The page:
Through the Mill
dir-scr Ray Rackham
with Helen Sheals, Belinda Wollaston, Lucy Penrose, Harry Anton, Tom Elliot Reade, Amanda Bailey, Carmella Brown, Perry Meadowcroft, Rob Carter, Don Cotter, Joe Shefer
Southwark Playhouse, London • 6-30.Jul.16
This inventive new play weaves together three periods in Judy Garland's life to tell her story. It's superbly written and directed, with a very strong cast. The three lead actresses are excellent, evoking the star rather than mimicking her. Penrose is the most magnetic as the teenage Judy in the late 1930s, being pushed into showbiz by her mother (Bailey). The buoyant Wollaston plays her at 29, on the eve of her 1951 comeback concert in New York, with some steamy support from her manager Sid Luft (Anton). And she's played at 41 by the edgy, kinetic Sheals, straining against the TV network as she makes her 1963 variety show. The three periods seamlessly weave amongst each other, allowing the Judys to sing together on a series of her most iconic songs, clearly building to a goosebump-inducing rendition of Over the Rainbow.
Barbu: Cirque Alfonse
dir Alain Francoeur
with Antoine Carabinier Lepine, Jonathan Casaubon, Jean-Phillippe Cuerrier, Genevieve Gaulthier, Licas Jolly, Genevieve Morin, Francis Roberge, Milette Jolly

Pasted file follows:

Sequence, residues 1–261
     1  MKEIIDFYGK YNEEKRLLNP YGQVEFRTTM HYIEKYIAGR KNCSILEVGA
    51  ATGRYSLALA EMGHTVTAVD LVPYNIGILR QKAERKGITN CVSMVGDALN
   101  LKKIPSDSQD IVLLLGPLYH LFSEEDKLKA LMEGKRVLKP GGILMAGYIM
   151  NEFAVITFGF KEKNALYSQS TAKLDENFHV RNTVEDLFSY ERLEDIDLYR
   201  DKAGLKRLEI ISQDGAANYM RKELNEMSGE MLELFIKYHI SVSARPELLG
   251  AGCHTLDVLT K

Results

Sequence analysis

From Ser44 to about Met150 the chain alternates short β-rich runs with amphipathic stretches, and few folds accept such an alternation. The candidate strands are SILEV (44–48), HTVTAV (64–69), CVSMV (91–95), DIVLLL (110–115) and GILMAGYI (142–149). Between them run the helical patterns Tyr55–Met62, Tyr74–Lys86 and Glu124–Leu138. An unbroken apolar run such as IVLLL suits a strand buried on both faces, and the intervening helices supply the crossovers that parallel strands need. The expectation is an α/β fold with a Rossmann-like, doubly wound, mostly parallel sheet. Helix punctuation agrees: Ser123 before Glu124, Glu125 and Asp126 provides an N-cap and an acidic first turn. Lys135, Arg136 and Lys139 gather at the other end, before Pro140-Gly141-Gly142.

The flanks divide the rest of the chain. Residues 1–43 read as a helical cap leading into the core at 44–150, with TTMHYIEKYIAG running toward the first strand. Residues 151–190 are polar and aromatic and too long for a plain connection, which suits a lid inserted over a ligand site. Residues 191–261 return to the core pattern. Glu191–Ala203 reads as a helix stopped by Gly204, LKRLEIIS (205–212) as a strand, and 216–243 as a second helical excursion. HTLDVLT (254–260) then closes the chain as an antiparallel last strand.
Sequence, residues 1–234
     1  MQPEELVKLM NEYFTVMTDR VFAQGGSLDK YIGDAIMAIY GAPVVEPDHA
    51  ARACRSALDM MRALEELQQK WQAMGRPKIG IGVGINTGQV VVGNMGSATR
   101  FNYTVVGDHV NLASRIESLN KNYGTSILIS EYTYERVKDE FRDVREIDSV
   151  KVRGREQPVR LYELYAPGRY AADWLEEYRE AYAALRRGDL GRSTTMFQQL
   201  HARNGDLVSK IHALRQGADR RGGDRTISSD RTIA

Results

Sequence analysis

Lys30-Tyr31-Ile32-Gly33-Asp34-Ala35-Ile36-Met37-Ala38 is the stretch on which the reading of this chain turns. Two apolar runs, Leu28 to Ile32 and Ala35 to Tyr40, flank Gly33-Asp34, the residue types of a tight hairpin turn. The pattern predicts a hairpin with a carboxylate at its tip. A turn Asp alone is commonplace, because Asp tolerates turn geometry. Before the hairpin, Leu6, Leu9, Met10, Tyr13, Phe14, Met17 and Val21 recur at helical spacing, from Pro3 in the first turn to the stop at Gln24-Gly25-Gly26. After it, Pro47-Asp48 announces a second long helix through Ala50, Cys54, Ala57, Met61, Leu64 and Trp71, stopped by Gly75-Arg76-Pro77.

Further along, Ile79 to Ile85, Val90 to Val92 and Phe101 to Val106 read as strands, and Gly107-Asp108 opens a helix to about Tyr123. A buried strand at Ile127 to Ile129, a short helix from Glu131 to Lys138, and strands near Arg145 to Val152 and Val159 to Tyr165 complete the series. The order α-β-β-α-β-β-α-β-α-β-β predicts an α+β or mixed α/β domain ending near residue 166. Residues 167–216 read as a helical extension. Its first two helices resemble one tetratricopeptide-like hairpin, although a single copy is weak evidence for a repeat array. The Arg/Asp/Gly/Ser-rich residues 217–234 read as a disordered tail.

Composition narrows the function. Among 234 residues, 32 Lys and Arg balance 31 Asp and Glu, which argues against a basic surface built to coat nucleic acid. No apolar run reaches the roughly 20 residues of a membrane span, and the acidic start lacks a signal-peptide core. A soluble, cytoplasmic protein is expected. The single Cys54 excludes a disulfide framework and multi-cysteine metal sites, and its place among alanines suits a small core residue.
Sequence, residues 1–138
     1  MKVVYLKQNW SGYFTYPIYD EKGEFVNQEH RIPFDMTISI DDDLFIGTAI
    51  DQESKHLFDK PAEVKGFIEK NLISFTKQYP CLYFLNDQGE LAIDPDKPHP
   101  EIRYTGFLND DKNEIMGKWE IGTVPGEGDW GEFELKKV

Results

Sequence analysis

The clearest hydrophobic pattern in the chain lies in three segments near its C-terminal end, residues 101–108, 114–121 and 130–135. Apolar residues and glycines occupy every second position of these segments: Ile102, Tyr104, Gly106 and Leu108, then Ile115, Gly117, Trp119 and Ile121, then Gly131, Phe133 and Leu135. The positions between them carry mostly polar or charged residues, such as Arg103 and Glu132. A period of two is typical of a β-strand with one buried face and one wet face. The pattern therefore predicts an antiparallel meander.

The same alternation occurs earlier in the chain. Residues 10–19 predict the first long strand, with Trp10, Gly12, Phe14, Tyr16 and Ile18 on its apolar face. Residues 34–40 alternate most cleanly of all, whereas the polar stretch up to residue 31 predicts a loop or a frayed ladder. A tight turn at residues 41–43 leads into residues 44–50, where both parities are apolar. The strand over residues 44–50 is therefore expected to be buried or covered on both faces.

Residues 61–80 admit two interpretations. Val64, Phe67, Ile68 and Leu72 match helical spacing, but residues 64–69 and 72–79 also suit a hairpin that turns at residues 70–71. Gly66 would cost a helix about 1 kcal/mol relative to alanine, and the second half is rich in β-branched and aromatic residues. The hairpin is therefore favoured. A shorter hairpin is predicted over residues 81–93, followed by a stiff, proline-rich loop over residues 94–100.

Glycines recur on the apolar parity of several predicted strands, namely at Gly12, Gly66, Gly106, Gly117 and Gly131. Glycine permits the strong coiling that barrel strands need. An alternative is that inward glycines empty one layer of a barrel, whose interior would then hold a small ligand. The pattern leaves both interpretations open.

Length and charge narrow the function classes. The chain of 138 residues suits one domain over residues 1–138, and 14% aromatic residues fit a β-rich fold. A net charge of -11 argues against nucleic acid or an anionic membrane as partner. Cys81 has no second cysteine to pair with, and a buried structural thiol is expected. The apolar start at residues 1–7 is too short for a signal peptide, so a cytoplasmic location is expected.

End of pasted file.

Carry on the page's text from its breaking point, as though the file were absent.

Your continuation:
Wonderground, Southbank • 15.Jun-25.Sep.16
Energetic and very sexy, this riotous old-style circus centres on a team of muscle men who engage in a series of acrobatic stunts that are genuinely jaw-dropping. They throw each other into the air with abandon, and are accompanied by three women who are equally tough (and a lot more bendy). Each act is cleverly designed to build to a big climax, often with some tongue-in-cheek innuendo, sometimes including a spot of nudity. And it's the warm bond between these hairy men in tiny speedos that makes the show thoroughly involving for the audience. Meanwhile, the clownish old man in the group finds his own resonance amid the physical outrageousness. A lot of fun.
dir-scr Claudio Macor
with Alexander Huetson, Gary Fannin, Nic Kyle, Lee Knight, Bradley Clarkson, Emily Lynne, Christopher Hines, Kristian Simeonov
Arts Theatre West End, London • 29.Jun-23.Jul.16
It's perhaps not so surprising that this true story has never been told before: it's about a Danish doctor who performed horrific experiments in Nazi concentration camps, but was able to escape justice with the help of British diplomats. Set in 1940 Copenhagen, the play centres on young artist Nikolai (Huetson) and his boyfriend Zack (Kyle), an American stationed at the embassy. Homosexuality was legal in Denmark at the time, but the occupying Nazis had other ideas, arresting Nikolai and handing him over to Dr Carl Værnet (Fannin) for a brutal treatment to "cure" him. Writer-director Macor cleverly combines the real events with various strands of drama, finding hope and love even in a terrifying situation. It's a bold approach that would perhaps play better on a larger stage. The tiny Above the Arts space gets rather crowded, obscuring the solid work of the cast. Fannin is the standout, adding texture to his villainous character, while Clarkson is riveting as the conflicted SS general in charge. And Huetson and Kyle beautifully provide a strongly emotional centre to the story.